Their sound profile is fairly well-balanced, making it suitable for a wide range of genres. While there's a bit of extra kick in the bass range, it isn't overpowering or boomy. They're a bit on the bulky side, but they can also fold up, and come with a carrying case so you can easily toss them into a bag or suitcase. Unfortunately, their soundstage isn't nearly as open as most of the other options on this list, though that's to be expected due to their closed-back design.
Although they feel like durable headphones, they don’t feel quite as well-built as the Beyerdynamic DT 770 PRO, which have a solid metal frame that feels very sturdy. Unfortunately, the Beyerdynamic don’t have a detachable cable and some find they can sound a little sharp. The M50x provide slightly better value overall and are a solid choice if you’re looking for versatile closed-back headphones that will still provide an audiophile-level experience, but at a low price point.
You don't need bulky over-ears to get a well-balanced and neutral sound profile, and the best audiophile earbuds we've tested so far are the 1More Triple Driver. These wired in-ears are super lightweight and decently comfortable since they don't enter too deeply into the ear canal. They feature an in-line remote with easy to use controls that give you good control of your music or phone calls. They feel decently well-made and come with a great hard carrying case so you can bring them with you without worrying about them getting damaged.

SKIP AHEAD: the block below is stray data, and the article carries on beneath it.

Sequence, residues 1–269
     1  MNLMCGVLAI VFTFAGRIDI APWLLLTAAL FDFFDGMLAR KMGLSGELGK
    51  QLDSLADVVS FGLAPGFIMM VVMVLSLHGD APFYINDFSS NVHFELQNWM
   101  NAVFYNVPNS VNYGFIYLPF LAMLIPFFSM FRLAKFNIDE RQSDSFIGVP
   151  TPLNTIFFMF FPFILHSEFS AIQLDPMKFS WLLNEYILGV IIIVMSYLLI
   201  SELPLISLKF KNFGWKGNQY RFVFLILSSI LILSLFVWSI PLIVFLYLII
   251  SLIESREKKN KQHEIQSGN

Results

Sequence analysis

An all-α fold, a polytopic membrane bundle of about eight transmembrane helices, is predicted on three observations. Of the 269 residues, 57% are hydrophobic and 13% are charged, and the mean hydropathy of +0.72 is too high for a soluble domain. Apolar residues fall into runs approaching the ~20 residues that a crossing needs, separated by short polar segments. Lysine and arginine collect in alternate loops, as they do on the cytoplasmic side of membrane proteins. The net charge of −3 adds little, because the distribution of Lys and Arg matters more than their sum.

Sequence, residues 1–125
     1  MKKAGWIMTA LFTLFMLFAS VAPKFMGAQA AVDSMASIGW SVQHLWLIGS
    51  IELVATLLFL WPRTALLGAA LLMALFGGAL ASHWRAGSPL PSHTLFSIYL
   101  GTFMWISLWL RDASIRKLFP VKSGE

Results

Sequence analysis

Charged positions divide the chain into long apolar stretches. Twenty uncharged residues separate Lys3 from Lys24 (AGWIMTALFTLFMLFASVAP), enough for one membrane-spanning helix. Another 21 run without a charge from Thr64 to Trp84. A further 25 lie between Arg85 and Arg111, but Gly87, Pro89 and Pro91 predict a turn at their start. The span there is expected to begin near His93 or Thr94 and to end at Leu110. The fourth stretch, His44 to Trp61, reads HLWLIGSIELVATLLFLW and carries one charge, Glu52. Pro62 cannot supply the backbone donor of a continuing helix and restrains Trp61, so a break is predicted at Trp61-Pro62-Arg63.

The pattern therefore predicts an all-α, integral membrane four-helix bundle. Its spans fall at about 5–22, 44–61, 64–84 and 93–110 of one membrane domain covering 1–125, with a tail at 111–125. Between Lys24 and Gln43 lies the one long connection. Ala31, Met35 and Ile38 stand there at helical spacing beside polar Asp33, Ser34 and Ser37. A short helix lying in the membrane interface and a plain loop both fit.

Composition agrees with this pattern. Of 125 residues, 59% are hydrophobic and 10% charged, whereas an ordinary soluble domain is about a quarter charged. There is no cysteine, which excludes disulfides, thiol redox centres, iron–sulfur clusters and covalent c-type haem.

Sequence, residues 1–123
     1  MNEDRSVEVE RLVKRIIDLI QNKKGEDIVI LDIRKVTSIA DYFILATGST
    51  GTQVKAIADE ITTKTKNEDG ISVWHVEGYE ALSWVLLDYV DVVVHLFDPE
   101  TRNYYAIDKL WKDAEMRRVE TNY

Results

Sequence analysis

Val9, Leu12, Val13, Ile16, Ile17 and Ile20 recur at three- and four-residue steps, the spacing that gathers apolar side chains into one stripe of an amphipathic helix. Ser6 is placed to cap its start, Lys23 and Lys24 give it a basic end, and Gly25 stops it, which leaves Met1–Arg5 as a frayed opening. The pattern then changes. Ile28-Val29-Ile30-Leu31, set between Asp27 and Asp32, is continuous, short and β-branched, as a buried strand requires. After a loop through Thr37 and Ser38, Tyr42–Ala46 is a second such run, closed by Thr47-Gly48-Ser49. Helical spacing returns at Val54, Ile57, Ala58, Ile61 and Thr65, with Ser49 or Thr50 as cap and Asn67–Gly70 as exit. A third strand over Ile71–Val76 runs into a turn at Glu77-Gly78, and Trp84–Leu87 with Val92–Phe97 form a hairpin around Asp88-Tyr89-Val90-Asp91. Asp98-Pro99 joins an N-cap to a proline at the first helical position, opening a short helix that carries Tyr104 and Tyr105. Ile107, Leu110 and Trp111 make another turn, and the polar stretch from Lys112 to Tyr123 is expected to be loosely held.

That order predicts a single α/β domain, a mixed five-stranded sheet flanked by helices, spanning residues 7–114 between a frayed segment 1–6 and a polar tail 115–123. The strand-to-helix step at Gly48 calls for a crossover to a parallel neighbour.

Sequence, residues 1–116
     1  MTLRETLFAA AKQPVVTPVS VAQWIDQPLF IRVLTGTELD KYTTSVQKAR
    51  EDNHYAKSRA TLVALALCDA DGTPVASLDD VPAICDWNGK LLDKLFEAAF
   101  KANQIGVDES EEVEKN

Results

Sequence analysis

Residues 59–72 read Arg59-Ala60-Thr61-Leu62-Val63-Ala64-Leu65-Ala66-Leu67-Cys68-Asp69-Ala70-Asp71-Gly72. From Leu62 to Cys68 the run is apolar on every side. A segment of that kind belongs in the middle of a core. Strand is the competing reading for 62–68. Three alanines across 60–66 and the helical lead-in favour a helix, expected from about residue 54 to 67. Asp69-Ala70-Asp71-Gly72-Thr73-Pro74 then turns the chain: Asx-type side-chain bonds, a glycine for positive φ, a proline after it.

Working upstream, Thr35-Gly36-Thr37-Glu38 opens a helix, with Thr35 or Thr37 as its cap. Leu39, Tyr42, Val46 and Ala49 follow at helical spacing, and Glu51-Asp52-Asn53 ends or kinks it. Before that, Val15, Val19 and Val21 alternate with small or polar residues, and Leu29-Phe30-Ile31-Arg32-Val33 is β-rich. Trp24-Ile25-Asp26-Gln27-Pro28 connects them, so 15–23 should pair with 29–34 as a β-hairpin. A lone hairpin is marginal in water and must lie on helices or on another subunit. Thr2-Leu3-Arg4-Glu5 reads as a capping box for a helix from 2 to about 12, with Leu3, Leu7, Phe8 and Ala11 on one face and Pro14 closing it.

Their sound profile is fairly well-balanced, though they do have a bit of extra kick that will please fans of bass. Their sound profile is lacking a bit of brightness, and some vocals and instruments may be lacking in detail, but overall, they're well-suited for a fairly wide range of genres and content. As with most in-ear headphones, they have a closed-back design so their soundstage won't appear open or spacious.
While they're a good option to take with you traveling or commuting, unfortunately, they only do a mediocre job at blocking out background noise, and won't do much to block out the low rumble of bus or plane engines. On the bright side, they don't leak much audio, so you should be able to turn up your music to help block out background noise without bothering those around you. Overall, if you travel a lot and want a pair of portable in-ear headphones that can deliver a well-balanced and accurate sound profile, these are a good, versatile option.